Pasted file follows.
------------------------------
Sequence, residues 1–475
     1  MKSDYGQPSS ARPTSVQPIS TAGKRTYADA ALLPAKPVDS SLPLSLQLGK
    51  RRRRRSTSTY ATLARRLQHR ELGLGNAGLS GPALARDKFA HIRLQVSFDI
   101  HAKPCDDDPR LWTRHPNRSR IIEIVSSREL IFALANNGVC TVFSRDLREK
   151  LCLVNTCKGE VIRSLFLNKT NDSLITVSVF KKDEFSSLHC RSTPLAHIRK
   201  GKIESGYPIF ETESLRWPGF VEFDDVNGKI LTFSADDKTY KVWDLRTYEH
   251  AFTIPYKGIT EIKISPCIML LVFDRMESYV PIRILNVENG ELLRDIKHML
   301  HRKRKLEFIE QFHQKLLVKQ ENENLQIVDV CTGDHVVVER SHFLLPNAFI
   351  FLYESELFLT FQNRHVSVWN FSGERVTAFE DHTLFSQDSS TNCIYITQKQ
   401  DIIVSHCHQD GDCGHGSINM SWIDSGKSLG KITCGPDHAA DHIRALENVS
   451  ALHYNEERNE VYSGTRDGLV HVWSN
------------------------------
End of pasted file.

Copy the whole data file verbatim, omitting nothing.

Sequence, residues 1–475
     1  MKSDYGQPSS ARPTSVQPIS TAGKRTYADA ALLPAKPVDS SLPLSLQLGK
    51  RRRRRSTSTY ATLARRLQHR ELGLGNAGLS GPALARDKFA HIRLQVSFDI
   101  HAKPCDDDPR LWTRHPNRSR IIEIVSSREL IFALANNGVC TVFSRDLREK
   151  LCLVNTCKGE VIRSLFLNKT NDSLITVSVF KKDEFSSLHC RSTPLAHIRK
   201  GKIESGYPIF ETESLRWPGF VEFDDVNGKI LTFSADDKTY KVWDLRTYEH
   251  AFTIPYKGIT EIKISPCIML LVFDRMESYV PIRILNVENG ELLRDIKHML
   301  HRKRKLEFIE QFHQKLLVKQ ENENLQIVDV CTGDHVVVER SHFLLPNAFI
   351  FLYESELFLT FQNRHVSVWN FSGERVTAFE DHTLFSQDSS TNCIYITQKQ
   401  DIIVSHCHQD GDCGHGSINM SWIDSGKSLG KITCGPDHAA DHIRALENVS
   451  ALHYNEERNE VYSGTRDGLV HVWSN